Coffee Shops Are Getting Creative With Nitro Everything

This article is sponsored by our partners at NitroBrew.

To say that nitro coffee is taking off might be the understatement of the year. With a 904% menu increase over the last four years, it’s fast becoming one of the trendiest drinks around. Cafes across the nation are adding nitro options to their cold brew lineup, and with such a steady increase, we think nitro drinks are here to stay.

But there’s a lot more to nitro than cold brew.

Although they generally end up in the cold brew section of the menu, there are so many fun and exciting ways to craft genuinely amazing drinks with nitro. Here are 15 unique nitro-based drink recipes that cafes, restaurants, and cocktail bars are using, along with tips on how to get creative with nitro infusion from coffee experts across the globe.

1. The Everyman (Klatch Coffee)

Courtesy of Klatch Coffee

The Everyman is a cooling cocktail based around a nitro-infused cold brew made with a washed African coffee. This year, Klatch is using a blend called Lion’s Pride, featuring coffees from Kenya and Ethiopia with notes of lemon, heirloom tomato, and pear. To make this drink, just add the juice from half a lime and a dash of peach nectar—and you’re good to go.

“Using nitro allows you to play with bolder combinations and smooths the flavors out, creating a more harmonious taste,” says Heather Perry, co-founder of Klatch Coffee. “Nitro creates a symphony instead of just hearing the individual notes.”

The Everyman utilizes the power of nitro by marrying together the big, intense flavors from the coffee seamlessly with the acidity of the lime and fruitiness of the peach nectar. The result is a drink with a creamy body and mouthfeel that’s perfect for hot days and long summers.

2. Vietnamese Nitro Cold Brew (Coffee & Water Lab)

Courtesy of Coffee & Water Lab

The good people at Coffee & Water Lab were kind enough to suggest three of their favorite nitro recipes.

Each of their nitro-infused drinks starts with a cold brew base made with a single-origin medium roast coffee from Guatemala. Coffee & Water Lab brew theirs with alkaline water to bring out honey, cherry, and hazelnut notes.

Next, the cold brew goes through their nitro brewing equipment, giving the cold brew a buttery mouthfeel that might remind you of a pint of Guinness. Once the base is ready, you try one of their three nitro-based recipes.

First up is the Vietnamese Nitro Cold Brew: add a shot of espresso and some thickened condensed milk to craft this decadent drink.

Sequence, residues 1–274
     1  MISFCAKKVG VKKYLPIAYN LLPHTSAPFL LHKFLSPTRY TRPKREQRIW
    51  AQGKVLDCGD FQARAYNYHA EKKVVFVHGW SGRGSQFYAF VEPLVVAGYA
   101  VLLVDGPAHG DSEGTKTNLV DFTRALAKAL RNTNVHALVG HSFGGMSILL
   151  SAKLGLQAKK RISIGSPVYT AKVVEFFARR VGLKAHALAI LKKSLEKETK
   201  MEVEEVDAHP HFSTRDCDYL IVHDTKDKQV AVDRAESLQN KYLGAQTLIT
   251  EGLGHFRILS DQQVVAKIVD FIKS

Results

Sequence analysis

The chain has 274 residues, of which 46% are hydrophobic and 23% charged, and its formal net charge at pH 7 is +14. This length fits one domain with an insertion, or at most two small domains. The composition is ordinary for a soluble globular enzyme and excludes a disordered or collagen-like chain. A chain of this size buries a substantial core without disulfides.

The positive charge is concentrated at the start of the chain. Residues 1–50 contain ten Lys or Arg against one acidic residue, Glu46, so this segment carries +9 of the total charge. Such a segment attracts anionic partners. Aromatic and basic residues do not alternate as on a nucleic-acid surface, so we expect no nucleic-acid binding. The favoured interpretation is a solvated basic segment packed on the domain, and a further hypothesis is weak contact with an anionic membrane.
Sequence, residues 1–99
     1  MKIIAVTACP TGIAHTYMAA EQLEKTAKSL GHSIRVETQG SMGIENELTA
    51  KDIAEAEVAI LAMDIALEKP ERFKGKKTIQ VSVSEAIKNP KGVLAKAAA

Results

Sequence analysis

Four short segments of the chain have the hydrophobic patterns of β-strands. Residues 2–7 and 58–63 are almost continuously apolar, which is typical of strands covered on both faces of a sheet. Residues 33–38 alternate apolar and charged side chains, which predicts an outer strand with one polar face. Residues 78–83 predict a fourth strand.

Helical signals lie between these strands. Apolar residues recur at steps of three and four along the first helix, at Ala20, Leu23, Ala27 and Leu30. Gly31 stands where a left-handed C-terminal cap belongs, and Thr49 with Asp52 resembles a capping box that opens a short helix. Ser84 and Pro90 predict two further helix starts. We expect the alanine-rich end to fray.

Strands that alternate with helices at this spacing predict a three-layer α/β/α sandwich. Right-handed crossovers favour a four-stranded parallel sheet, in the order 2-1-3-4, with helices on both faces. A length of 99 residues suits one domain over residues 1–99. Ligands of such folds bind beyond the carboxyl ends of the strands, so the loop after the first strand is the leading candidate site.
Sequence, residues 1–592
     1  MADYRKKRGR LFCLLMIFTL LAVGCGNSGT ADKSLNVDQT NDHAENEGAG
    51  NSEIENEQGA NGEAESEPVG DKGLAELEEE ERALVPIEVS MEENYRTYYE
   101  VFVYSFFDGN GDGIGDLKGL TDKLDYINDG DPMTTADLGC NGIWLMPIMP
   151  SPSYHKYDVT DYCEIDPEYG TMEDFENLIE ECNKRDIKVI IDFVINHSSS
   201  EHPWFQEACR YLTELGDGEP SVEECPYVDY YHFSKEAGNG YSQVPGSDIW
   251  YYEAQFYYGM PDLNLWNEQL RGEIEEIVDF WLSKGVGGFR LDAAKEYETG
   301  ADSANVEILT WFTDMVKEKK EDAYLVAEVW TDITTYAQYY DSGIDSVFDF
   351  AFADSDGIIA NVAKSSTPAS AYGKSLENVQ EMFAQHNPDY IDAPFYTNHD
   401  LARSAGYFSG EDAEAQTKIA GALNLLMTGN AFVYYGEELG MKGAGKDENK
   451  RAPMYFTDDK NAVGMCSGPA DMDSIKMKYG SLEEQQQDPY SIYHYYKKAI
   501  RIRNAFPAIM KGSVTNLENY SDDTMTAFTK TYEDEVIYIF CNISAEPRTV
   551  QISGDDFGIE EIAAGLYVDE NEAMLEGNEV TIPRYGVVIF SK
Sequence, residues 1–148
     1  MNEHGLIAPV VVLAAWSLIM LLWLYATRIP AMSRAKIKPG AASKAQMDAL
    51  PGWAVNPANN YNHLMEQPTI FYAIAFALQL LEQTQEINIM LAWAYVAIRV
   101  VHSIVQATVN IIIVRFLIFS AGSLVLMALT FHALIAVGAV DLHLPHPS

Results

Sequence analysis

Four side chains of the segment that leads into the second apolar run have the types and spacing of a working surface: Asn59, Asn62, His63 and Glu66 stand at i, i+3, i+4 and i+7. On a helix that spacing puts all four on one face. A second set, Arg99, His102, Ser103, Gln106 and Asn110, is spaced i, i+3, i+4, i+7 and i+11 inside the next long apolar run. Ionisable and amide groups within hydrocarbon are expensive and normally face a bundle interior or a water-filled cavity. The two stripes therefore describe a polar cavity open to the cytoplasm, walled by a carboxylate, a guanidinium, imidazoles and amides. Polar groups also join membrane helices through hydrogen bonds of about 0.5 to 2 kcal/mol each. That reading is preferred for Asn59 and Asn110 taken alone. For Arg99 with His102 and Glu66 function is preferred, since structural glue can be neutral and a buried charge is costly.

3. Orange Cream Nitro 

Courtesy of Coffee & Water Lab

Coffee & Water Lab’s second offering is their Orange Cream Nitro drink.

Follow the steps above, then add vanilla extract, orange syrup, and half and half. Top it with orange zest, and you’re done. Coffee & Water also offers patrons the option to turn any of their cold brew drinks into floats by adding two scoops of vanilla ice cream.

4. Maple Nitro Cold Brew

Courtesy of Coffee & Water Lab

Their final offering is the delectable Maple Nitro Cold Brew. 

After following the base recipe, add some real maple syrup, plus two hefty scoops of vanilla ice cream.

These nitro-infused recipes are decadent and unctuous but still easy to drink and accessible. Each of Coffee & Water’s recipes takes classic coffee flavor pairings and, with the addition of nitro, turns them up to 11. Plus, the drinks come pre-chilled, saving on ice cubes, which can be a scarce resource for many shops during the hot summer months. 

5. Coffee 2.0 | No. 34 (Tokki Bar)

Courtesy of Diane Kang

Our next trio of recipes comes from Tokki Bar, a cafe-bar concept in Seoul operated by Tokki Soju—the first American-based soju brand. Soju is a Korean spirit usually brewed from rice or sweet potatoes.

First up: their Coffee Cocktail or Coffee 2.0.

Combining nitro with ingredients like soju, pomegranate juice, and caramel syrup, the Coffee Cocktail is sweet and bright—plus, seeing the delectable concoction getting nitro-ed up right in front of you adds to the performance aspect of serving the drink. Tokki Bar uses a single-serve NitroBrew machine for their cocktails, which makes drinks one at a time so consumers can watch as their cocktail is being built and nitro-ed on the spot. 

“For us, drinks are all about aroma, taste, temperature, and texture,” says Diane Kang of Tokki Soju. “Using nitro takes care of texture in a very eco-friendly way. Instead of using a cocktail shaker, we pour the drink into the NitroBrew with an ice cube [to achieve a nice, aerated texture].” Tokki Bar’s NitroBrew Single Serve system captures nitrogen from the air (did you know our air is 78% nitrogen?) and uses that for nitro-infusion instead of cartridges you might see with CO2 canisters and other nitro products. “What’s great about the NitroBrew is that no canisters are left lying around after using it.”

6. Lychee | No. 30  

Courtesy of Diane Kang

The secret to getting creative with your nitro drinks is to experiment. If you have a license to serve alcohol, spirits can open up new ingredients and options to riff on, like Tokki Bar’s Lychee Cocktail.

With a unique oolong gin base, the Lychee No. 30 is mixed with lychee syrup, citrus stock (a liquid made from spent citrus fruits), milk, and coconut cream to balance the sweet fruit flavors with exciting acidic notes.

7. Curry Cocktail | No. 24 

Courtesy of Diane Kang

“Not all of our cocktails use nitro,” said Kang, “but one of the cocktails we designed specifically for nitro is our Curry Cocktail. It is basically a riff on a Thai green curry with our Sonbi Gin that we clarify by introducing acid into coconut milk and straining it. Then we use the Nitro Brew to add a fluffy, smooth texture to the drink.”

Tokki Bar made a curry cordial for this recipe out of lemongrass, ginger, lime, and curry powder. They mixed it with milk and coconut cream to give it a creamy consistency and blended it with their signature gin in their single-serve NitroBrew.

The drink is surprisingly savory and complex, with a kick at the end from the cordial syrup but balanced out by the NitroBrew. It’s remarkably delicious and eminently creative.

8. Arnold Palmer (Prima Coffee Equipment)

Photo courtesy of Prima Coffee

An Arnold Palmer is a refreshing combination of iced tea and lemonade. The following recipe was crafted by Erika Vonie and initially featured on Prima Coffee Equipment’s website.